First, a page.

Featured Research

from universities, journals, and other organizations

Migrating insects fly in the fast lane

Date:
February 8, 2010
Source:
Biotechnology and Biological Sciences Research Council
Summary:
Scientists shed new light on the flight behaviors that enable insects to undertake long-distance migrations, and highlights the remarkable abilities of these insect migrants.

A new study sheds light on the flight behaviours that enable insects to undertake long-distance migrations, and highlights the remarkable abilities of these insect migrants.
Credit: iStockphoto/Karel Gallas

A study published in Science, by researchers at Rothamsted Research (an institute of the BBSRC), the Met Office, the Natural Resources Institute, and the Universities of Exeter, Greenwich and York, sheds new light on the flight behaviours that enable insects to undertake long-distance migrations, and highlights the remarkable abilities of these insect migrants.

Many insects avoid cold British winters by migrating south in autumn to over-wintering sites around the Mediterranean. Migrant insects then return to the UK in spring. How such small insects undertake journeys of several thousands of kilometres has long fascinated scientists.

The reported study was funded by BBSRC and used two sets of specially-designed radar equipment to observe migrating butterflies and moths flying several hundreds of metres above the ground, and to describe the sophisticated flight behaviours that they have evolved. These insect migrants have a compass sense that enables them to select winds which will take them in their chosen direction, and to travel at speeds of up to 100 km per hour. The fast speeds of winds aloft mean that insects travel more-or-less downwind, but they make subtle adjustments to their headings so that they partially correct for wind-induced drift away from their preferred direction of travel.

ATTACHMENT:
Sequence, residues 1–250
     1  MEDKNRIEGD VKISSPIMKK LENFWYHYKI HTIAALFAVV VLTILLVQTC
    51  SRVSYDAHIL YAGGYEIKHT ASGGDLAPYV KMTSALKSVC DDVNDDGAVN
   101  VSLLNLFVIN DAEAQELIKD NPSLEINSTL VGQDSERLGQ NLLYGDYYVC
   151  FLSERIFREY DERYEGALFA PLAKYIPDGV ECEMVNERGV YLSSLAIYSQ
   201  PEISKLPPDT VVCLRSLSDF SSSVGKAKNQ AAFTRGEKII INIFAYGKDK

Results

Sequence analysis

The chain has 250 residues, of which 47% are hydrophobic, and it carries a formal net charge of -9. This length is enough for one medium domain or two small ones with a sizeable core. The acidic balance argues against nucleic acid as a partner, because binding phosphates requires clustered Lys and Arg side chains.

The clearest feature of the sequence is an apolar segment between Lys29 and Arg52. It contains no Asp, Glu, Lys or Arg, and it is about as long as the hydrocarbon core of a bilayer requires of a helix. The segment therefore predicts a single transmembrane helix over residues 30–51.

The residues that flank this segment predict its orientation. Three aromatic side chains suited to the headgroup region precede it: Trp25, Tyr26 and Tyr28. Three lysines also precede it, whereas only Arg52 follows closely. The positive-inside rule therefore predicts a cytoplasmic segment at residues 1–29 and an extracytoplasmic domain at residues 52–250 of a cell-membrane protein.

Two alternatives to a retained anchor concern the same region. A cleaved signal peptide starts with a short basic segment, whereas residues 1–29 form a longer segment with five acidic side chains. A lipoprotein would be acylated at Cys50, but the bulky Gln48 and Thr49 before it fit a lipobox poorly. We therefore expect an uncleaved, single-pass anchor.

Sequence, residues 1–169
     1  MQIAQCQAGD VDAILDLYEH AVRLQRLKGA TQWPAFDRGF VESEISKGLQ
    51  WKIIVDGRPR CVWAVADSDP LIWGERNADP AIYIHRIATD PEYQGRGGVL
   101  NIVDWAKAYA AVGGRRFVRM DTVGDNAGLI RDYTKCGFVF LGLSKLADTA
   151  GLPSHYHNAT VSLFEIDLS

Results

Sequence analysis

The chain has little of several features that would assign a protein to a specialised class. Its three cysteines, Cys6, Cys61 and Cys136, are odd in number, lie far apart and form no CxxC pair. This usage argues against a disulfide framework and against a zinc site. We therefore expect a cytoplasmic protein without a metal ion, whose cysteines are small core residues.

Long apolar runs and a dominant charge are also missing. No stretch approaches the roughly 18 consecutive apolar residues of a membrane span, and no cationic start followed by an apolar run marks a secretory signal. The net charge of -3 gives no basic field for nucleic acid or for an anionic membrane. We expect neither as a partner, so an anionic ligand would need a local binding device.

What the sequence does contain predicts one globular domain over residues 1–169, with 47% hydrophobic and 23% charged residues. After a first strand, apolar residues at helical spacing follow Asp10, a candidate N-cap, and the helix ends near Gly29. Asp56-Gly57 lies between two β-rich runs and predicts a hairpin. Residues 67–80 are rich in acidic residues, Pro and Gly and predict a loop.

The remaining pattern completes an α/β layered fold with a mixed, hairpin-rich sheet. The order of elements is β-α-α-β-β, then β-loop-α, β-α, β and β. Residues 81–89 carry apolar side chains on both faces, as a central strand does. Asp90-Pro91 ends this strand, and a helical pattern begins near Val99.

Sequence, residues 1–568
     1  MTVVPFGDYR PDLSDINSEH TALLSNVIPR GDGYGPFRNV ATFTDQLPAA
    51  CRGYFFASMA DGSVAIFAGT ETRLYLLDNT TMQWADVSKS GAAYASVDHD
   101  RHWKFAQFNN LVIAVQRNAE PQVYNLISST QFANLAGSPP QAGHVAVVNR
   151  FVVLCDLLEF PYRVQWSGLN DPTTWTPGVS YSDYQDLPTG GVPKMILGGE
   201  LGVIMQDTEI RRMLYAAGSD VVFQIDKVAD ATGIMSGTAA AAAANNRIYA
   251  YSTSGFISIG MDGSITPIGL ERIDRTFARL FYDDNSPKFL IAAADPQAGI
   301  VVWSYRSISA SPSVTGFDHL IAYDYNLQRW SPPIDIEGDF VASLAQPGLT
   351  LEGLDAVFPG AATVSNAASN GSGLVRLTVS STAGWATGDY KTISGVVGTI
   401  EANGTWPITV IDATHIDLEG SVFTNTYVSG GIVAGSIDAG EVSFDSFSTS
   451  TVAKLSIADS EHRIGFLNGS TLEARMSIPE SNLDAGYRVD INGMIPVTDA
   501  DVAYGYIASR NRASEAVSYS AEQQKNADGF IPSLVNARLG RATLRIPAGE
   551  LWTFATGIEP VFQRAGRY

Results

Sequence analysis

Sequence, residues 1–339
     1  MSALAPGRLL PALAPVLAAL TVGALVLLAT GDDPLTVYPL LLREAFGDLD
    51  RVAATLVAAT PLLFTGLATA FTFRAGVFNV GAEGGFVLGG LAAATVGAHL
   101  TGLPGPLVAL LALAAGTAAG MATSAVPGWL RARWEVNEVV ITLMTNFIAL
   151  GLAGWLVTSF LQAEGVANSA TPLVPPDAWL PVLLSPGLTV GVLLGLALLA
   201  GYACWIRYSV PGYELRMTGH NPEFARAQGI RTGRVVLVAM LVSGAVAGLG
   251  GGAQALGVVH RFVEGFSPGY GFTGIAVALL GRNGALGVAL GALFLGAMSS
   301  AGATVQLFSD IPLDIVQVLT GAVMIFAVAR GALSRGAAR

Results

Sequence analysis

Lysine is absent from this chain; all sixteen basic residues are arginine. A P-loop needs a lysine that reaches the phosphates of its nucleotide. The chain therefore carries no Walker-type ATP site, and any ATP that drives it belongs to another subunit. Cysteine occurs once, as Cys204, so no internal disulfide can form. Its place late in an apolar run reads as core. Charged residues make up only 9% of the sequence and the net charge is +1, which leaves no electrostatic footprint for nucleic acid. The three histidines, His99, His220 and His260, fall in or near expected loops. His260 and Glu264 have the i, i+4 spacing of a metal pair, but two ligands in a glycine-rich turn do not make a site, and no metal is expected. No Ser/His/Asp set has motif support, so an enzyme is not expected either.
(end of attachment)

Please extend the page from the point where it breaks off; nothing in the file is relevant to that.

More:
Dr Chapman said "Migratory butterflies and moths have evolved an amazing capacity to use favourable tailwinds. By flying at the heights where the wind currents are fastest, migratory moths can travel between their summer and winter grounds in just a few nights."

Dr Hill said "We estimate that over 2 billion insects were involved in the mass migration events that we studied. These insect migrants are clearly very successful."

The study used a computer model dubbed "NAME" to demonstrate that the flight behaviours observed result in migrants travelling nearly twice as far and closer to their preferred direction as an insect just randomly drifting downwind. Many migratory insects are pests of agricultural crops, so the model will be useful for predicting migration events in the future.

Ms Burgin said "We combined the results from the radar measurements of moth flight with the outputs of a model of atmosphere motion to show that by hitchhiking on suitable winds, insects can travel at greater speeds than many migrating birds, which is important given the short lifespan of insects."

This study illustrates how insects successfully undertake long-distance migrations in favourable directions. Climate change is likely to significantly alter the frequency of insect migrants, including introducing some agricultural pests that are completely new to the UK. Thus, a better understanding of their migration strategies is increasingly crucial in helping to secure food supplies in the long term.


Story Source: